In May 1931, a few weeks before the proclamation of the Republic, a wave of anti-clerical violence broke out that concluded with the burning of a hundred religious buildings, the profanation of various cemeteries, and grave destruction of artistic heritage. Among the defenders of the young democracy only the Agrupación al Servicio de la República (Group at the Service of the Republic) condemned the deeds: “So, burning convents and churches does not demonstrate either true republican zeal or a forward-looking spirit but, rather, a primitive or criminal fetishism, which can as easily lead to the the adoration of material things as to their destruction” (Gregorio Marañón, José Ortega y Gasset, Ramón Pérez de Ayala, El Sol [Madrid], 11 May 1931). But the Republic did not want to begin its mandate with a repressive reaction, much less protect a Church that it identified with the moral and political backwardness of Spain. Manuel Azaña himself closed the matter with a famous pronouncement: “All the convents and churches together do not equal in value the life of a republican.” Azaña, blinded by enthusiasm or rancour, did not understand that to protect the convents would not have been an act in defense of religion but, rather, of democracy.
History, as someone has said, “does not repeat itself but it rhymes”, which puts us in a similar predicament; one should not defend the King in the name of monarchy but in the name of constitutional order. So long as he continues to be an important piece of our democratic edifice, whoever attacks the King attacks the State. And, curiously, inasmuch as those who want to do away with the monarchy are the same people who want to do away with the State, it is no wonder that the King has many republicans on his side. Obviously, nobody questions the legitimacy of preferring a republic to parliamentary monarchy, but personal preferences do not give anybody the right to ignore, much less attack, the constitutional role assigned the head of state.
Lesmes’s intervention in defense of the King drew the irate reaction of Pablo Iglesias and Alberto Garzón. Iglesias cited on Twitter article 1.2 of the Constitution: “Sovereignty resides in the Spanish people.” This article did not seem so important to him in October 2017; now he trots it out for the same reason he ignored it then: to damage the State. The Vice-President tries to belittle the figure of Felipe VI by reminding us that he is a king but not sovereign. He is right, but he too often forgets that the Executive Branch isn’t either. Neither he nor Sánchez nor Puigdemont can usurp the sovereignty of the Spanish people. And so, until Spaniards should decide otherwise, exercising their sovereign right and as the Constitution decrees, investing itself with an alternative model for a state, the Executive Branch should limit itself to respecting the existing one. Garzón’s tweet does not merit comment; what should pain the King most is the mediocrity of his detractors. As Valle-Inclán wrote, “there is honour in being devoured by lions, but not in being kicked by donkeys.” In short, one never gets to choose the quality of one’s enemies.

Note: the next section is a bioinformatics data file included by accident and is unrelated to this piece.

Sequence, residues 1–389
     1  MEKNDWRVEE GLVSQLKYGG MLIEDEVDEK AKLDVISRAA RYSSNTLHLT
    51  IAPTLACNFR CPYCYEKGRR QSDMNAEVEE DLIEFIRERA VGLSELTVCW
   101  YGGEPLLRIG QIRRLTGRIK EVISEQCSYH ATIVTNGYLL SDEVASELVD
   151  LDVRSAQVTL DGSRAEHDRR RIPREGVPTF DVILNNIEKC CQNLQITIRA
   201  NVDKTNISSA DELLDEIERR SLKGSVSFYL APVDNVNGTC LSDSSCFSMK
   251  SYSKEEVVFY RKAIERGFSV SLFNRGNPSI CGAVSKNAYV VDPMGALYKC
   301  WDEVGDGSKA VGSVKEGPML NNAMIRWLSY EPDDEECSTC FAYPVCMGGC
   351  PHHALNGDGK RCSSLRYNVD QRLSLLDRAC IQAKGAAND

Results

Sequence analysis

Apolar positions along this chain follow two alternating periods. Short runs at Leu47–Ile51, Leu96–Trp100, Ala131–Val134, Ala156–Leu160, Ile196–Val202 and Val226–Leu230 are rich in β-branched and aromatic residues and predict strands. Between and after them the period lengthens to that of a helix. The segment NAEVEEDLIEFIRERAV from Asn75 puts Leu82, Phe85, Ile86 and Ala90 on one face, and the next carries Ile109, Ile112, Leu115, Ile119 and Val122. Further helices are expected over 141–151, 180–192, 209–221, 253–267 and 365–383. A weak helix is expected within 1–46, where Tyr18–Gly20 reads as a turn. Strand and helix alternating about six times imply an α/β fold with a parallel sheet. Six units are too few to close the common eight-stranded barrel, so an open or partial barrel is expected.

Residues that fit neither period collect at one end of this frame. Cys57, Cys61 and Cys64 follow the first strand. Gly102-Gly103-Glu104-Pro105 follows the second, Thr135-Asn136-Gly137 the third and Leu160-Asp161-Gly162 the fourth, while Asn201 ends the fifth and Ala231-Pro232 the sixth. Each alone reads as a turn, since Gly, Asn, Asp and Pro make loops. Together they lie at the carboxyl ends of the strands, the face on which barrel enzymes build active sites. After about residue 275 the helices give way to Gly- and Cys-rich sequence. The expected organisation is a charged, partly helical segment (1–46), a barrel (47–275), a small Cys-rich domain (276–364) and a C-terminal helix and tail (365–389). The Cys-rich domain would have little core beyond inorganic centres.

The trouble with the monarchy, of course, is that if the King were Alberto Garzón I, we would not be able to rid ourselves of him. With a such a terrible prospect before us, we must not be reluctant altogether to reconsider the model for the head of State. But until then let’s not forget that our democracy is a full one, and that today defending it entails defending the monarchy in its constitutional terms. What’s more, to attack the head of State from the position of the Government and even to consider a change in the system, with a rampant pandemic, and the biggest economic and social crisis in recent memory at our door, gives us the exact measure of how much the health and well-being of the governed matter to some politicians.